Indigenous curators say the Vatican must hand over the artifacts

Gerald McMaster has always wondered what cultural mysteries and artifacts are kept in the Vatican’s collection of Indigenous artifacts.

The famous First Nations curator and artist says these artifacts are important to the way indigenous people see themselves and the world around them. However, he said, not many people have ever laid eyes on what’s in the vault.

“What is being hidden? Why is it being hidden?” McMaster weighed in in a recent interview with The Canadian Press.

“Why (should) the natives remain closed while the vault should be open to other non-native curators, other European curators.”

Indigenous delegates will meet Pope Francis at the Vatican in the last week of March. The visit includes a tour of the Anima Mundi Museum of Ethnology, which houses an unknown number of indigenous artifacts.

The Catholic Church says the purpose of the delegation is to discuss reconciliation and healing, but indigenous artists and curators say that cannot be achieved if important indigenous objects remain unaccounted for. see.

McMaster, from the Siksika Nation in Alberta, was unsuccessful in his attempt to view the entire collection, despite being a leading expert in the field.

He is the winner of the Governor General’s Award for Visual and Media Arts 2022, is research chair in Indigenous curatorial practice and director of the Center for Indigenous Visual Knowledge at the College of Arts and Sciences. Ontario Design in Toronto.

McMaster has more than 40 years of experience in the field of Indigenous art, visual arts, and aesthetics.

“I tried and tried, tried, tried to access the Vatican collection for my own work in a prestigious international exhibition in 2018,” McMaster said.

“I was completely disappointed when I left the Vatican. I couldn’t … connect with anyone, even using Italians who know everyone.”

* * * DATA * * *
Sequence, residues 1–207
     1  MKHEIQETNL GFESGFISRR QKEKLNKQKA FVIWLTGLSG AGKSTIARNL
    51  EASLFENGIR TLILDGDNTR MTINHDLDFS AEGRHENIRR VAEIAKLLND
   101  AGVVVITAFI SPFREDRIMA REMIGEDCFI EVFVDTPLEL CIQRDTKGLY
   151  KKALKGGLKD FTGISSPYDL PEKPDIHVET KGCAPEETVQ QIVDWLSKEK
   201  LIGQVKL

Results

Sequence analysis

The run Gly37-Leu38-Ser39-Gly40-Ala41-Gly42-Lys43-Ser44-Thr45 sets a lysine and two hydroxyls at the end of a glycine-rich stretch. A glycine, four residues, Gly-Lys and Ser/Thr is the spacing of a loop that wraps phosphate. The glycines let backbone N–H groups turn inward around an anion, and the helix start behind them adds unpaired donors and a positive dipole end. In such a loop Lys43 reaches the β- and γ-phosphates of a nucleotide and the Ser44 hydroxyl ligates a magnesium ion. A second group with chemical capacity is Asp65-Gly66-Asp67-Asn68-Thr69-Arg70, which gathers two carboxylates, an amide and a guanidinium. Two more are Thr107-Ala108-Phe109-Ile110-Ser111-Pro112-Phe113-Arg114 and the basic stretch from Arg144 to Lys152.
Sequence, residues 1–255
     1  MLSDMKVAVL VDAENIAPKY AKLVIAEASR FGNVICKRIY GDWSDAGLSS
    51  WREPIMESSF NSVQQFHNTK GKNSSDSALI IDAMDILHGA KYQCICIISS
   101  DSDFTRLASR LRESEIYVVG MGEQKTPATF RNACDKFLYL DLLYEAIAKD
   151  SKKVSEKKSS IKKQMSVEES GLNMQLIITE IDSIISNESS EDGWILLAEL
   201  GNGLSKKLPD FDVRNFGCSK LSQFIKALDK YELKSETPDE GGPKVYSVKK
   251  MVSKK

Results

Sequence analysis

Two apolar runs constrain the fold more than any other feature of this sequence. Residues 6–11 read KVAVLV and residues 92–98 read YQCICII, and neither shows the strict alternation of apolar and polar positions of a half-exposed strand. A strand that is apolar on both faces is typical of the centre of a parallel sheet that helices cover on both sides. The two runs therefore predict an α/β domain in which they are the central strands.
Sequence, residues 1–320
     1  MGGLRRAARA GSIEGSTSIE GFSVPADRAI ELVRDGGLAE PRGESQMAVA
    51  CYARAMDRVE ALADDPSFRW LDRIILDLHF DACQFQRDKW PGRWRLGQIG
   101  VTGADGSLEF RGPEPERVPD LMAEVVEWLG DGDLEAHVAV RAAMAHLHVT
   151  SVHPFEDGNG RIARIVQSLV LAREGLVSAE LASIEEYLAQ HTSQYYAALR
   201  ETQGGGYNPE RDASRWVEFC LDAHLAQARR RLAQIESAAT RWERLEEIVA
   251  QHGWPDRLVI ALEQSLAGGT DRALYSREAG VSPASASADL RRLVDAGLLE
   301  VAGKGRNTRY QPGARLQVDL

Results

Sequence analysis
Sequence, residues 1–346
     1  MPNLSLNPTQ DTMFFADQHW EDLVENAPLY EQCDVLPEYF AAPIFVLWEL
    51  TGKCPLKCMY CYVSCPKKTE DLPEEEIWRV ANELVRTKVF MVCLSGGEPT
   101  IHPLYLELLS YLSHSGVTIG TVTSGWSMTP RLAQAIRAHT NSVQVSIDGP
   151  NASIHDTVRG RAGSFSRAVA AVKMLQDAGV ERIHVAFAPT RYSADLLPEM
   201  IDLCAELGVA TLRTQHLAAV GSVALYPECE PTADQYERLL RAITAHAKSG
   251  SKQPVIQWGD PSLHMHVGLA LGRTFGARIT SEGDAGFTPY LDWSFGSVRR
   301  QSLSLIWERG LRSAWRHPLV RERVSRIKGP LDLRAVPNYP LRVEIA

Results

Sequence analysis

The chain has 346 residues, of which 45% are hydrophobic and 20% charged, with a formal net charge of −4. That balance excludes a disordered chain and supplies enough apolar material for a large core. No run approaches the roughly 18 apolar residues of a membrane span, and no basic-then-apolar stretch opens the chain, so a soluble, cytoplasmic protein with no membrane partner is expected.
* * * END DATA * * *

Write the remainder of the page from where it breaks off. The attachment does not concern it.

The museum was renamed Anima Mundi, which means “soul of the world”, in 2019. At that time, the Pope pledged to put more objects on display, including his own. native.

The museum’s website says the artifacts are on rotation, as they are old and fragile and there are additional requirements for display.

McMaster says that keeping the puzzle pieces away from the people who made them is a denial of their history. He says that indigenous collections around the world are culturally sensitive and should be treated as such.

Many of the items were taken away after the Canadian government, passed the India Act 1876, outlawed cultural practices, including wearing traditional clothing, he said. Ceremonial items and other important objects were seized, then sold, donated to museums or destroyed.

Much of the Vatican’s current collection belongs to a former pope, Pius XI, who decided to hold a world exposition in 1925. A message was sent to missionaries across the globe to send items. More than 100,000 objects and works of art were on display.

The Vatican says parts of its collection are gifts to the popes and the Catholic Church.

Even if items are donated voluntarily, the way they are treated and displayed, McMaster said, must be done in consultation with Indigenous people.

The collection is known to include masks, wampum belts, pipes and rugs, among other items from indigenous communities in North America. Indigenous experts say they have no details on the items that have been identified or any idea of ​​how much remains unknown.

Audrey Dreaver, an artist, curator and lecturer at Canada’s First Nations University in Regina.

“It really impacts everything and the way we feel about ourselves.”

Dreaver, the nehiyiwak (Plains Cree), says that it is the same with taking cultural objects from and cutting the hair of indigenous children when they enter residential schools.

It was an intellectual and psychological colonization, she said. The objects themselves are admired, but natives are not considered skilled enough to view the artifacts or return them.

“They still tend to talk about us as if we couldn’t care less about our own history and culture.”

Dreaver says the reconciliation won’t be complete until the Vaticanis are honest and open about their Indigenous collection.

Artist Metis Christi Belcourt says the issue goes beyond giving art back to indigenous communities.

The Catholic church is also one of the largest non-governmental landowners in the world, which Belcourt says has given the institution power and wealth.

“Both the land and the artifacts must be returned to their rightful indigenous owners around the world.”

This Canadian Press report was first published on March 20, 2022.

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